Thursday, Sept. 4, 2008 | midnight
Words are the tools of our trade here. We don't like to see them abused.
Given the language mistakes showing up all over the place lately, we of course have our work cut out for us. So let's take the time for a few quick language tips. Here are examples of mistakes we frequently see, and how they could have been avoided.
- Using it's when you meant to write its. Or vice versa. The rule on this is easy to remember. The apostrophe in it's makes it a contraction, which means it has a verb. So it's should be used only when you're trying to say "it is" or "it was" or "it has." The word its, on the other hand, is used only as a possessive form, such as in "State government has its share of problems."
- Substituting irregardless for regardless . This is a frequent conversational boo-boo at cocktail parties, although when you've had a few cocktails, nobody seems to notice. Regardless is the only correct word. Irregardless is one of those double negatives your teachers used to warn you about. Correct usage example: "Regardless of what you say, I smell good."
- Mixing up insure and ensure. Memorize this: Insure is only used when referring to insurance. Period. On the other hand, ensure means to guarantee.
- Mistakenly writing a lot as one word. This is one of the more frequent errors. If you have a lot of something, it is written as two words, such as "I won a lot of nickels." In which case your friends may want you to allot some back to them, since that word means to give, allocate or allow.
- Saying or writing utilize when use will suffice. This isn't a mistake, but it drives me crazy, nonetheless. Utilize is one of those words people use when they are trying to be formal or technical, and it is generally unnecessary. Example: "We want to utilize your facilities." Better: "We want to use your bathroom."
- Using a semi-colon improperly. This is indeed a disturbing modern trend, and this language rule isn't easy to explain: The semicolon is used to indicate a greater separation of thought and information than a comma generally conveys, but less than the separation that a period implies. It is not the same as a colon, which I used correctly in the second sentence of this paragraph, and can also be placed at the end of a sentence to introduce a list of things. Whew.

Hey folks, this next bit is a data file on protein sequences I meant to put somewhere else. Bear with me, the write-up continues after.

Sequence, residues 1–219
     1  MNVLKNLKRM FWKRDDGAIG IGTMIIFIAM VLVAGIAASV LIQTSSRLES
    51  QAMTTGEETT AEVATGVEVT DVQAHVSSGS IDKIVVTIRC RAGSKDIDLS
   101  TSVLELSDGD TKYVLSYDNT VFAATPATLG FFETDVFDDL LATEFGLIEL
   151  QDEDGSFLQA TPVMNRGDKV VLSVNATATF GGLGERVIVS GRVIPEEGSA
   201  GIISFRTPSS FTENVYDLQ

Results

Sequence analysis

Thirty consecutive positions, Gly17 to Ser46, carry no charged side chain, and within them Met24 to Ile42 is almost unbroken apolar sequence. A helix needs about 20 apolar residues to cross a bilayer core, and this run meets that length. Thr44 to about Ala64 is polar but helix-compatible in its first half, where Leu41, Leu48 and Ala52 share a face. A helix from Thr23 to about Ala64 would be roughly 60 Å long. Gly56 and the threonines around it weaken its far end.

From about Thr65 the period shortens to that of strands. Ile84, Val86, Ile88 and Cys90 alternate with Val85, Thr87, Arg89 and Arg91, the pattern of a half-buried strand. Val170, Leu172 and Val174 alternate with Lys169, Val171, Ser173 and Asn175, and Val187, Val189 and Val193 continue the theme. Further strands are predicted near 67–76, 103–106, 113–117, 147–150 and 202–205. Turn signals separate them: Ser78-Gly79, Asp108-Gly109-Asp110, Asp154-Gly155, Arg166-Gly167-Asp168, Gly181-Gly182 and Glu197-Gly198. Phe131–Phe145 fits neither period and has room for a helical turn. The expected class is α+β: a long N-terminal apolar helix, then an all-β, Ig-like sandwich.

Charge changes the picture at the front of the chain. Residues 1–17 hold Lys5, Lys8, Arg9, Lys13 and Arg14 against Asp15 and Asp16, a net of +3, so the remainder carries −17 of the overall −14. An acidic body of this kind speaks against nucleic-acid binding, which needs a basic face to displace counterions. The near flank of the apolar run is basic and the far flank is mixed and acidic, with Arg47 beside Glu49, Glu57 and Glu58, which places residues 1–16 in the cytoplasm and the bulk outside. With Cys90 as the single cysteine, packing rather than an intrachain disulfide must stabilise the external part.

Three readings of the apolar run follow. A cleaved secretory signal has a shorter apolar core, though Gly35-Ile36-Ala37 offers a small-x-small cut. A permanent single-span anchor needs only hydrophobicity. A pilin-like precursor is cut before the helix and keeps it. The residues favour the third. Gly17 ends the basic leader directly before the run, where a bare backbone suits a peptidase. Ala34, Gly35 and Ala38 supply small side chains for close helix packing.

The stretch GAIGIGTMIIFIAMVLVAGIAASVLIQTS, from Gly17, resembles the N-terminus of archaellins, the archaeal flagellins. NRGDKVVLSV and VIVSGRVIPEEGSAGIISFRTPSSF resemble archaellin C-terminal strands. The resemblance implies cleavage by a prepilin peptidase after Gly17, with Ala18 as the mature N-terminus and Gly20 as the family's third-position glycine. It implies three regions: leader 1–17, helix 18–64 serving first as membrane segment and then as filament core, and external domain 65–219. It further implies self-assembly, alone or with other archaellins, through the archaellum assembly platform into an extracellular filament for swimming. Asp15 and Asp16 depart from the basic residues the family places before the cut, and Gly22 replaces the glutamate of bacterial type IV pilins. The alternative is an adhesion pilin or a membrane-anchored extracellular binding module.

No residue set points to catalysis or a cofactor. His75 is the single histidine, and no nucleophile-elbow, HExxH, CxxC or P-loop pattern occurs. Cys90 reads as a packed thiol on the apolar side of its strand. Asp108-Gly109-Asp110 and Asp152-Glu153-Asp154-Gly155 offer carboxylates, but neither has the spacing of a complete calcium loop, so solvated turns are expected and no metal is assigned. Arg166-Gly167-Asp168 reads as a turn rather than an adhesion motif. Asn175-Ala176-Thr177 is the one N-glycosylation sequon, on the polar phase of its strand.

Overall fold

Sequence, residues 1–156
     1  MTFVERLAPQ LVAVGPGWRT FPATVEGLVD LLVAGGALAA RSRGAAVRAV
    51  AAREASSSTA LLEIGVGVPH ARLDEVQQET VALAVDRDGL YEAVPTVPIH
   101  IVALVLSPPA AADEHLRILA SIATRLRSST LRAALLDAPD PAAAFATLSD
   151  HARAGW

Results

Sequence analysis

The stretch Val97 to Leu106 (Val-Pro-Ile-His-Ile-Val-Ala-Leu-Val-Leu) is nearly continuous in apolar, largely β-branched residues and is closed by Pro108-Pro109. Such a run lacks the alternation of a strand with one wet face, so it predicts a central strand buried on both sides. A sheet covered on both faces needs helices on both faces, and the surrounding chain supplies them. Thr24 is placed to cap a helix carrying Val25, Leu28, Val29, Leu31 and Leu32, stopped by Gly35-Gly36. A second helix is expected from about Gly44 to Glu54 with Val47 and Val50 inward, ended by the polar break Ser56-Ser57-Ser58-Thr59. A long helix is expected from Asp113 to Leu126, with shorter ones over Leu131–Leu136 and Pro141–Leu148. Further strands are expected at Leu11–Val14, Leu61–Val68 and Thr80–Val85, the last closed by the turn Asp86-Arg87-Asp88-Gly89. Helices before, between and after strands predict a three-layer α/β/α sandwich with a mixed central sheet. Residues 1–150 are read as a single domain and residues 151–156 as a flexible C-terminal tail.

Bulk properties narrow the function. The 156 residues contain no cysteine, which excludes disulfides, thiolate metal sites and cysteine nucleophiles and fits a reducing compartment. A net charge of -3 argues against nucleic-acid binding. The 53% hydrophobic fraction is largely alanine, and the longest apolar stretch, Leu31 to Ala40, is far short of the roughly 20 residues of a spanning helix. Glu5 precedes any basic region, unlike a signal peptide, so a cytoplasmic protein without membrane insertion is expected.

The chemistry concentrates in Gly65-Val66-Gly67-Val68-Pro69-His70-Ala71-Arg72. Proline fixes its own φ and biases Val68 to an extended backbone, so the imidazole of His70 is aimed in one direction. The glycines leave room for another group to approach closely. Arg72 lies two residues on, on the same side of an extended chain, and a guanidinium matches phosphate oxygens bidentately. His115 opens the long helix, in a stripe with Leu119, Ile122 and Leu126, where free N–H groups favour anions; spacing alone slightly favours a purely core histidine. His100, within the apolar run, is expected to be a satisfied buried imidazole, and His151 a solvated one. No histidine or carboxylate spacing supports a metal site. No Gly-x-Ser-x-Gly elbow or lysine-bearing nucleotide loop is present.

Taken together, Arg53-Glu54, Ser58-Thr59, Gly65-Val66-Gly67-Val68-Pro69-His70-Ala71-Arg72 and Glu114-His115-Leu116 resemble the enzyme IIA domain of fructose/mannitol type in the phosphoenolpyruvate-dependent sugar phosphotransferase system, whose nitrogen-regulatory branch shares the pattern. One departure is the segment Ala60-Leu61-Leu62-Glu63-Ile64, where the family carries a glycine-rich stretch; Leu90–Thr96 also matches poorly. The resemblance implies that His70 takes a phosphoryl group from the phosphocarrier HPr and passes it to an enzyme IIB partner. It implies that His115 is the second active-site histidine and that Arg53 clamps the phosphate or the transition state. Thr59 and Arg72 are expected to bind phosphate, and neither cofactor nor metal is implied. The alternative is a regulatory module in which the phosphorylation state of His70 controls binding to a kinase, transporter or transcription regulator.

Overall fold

- Wrongly substituting that and which. I will summarize what a journalism professor told me: Use which to kick off a clause following a comma. If there is no comma, use that. Correct use of which: "He quit reading the newspaper, which made me unhappy."
- Incorrect plurals of surnames. To put it succinctly, when you are writing about the entire Wilson family, you are writing about the Wilsons, not the Wilson's.
- Finally, here's one that has more recently joined my list: Incorrect usage of the ampersand, which is this symbol: &. It suddenly seems like people everywhere are making this mistake, probably as a result of being in a hurry. This rule is easy: Use the ampersand only when it is part of a formal business or organizational name. Never use it as a convenient way of abbreviating and.
Well, that's probably enough of a grammar drill for this week. I hope it helped.
Be careful with the lessons outlined here, though. And should you choose to bring up any grammar matters with friends or family, try to remain tactful, considerate and polite. Don't hurt anyone's feelings.
One young fellow learned this lesson the hard way when he first left home. He had a bad habit of using a red ink pen to correct language in the letters from his family, and then would send them back to the authors in the hope that they might learn from the experience. But the red ink insulted them, and they soon stopped writing altogether.
And you know, ever since then, I have had to utilize the telephone if I want to communicate with my relatives.
Bruce Spotleson is general manager of the Home News and group publisher of Greenspun Media Group. He can be reached at 990-2442 or firstname.lastname@example.org.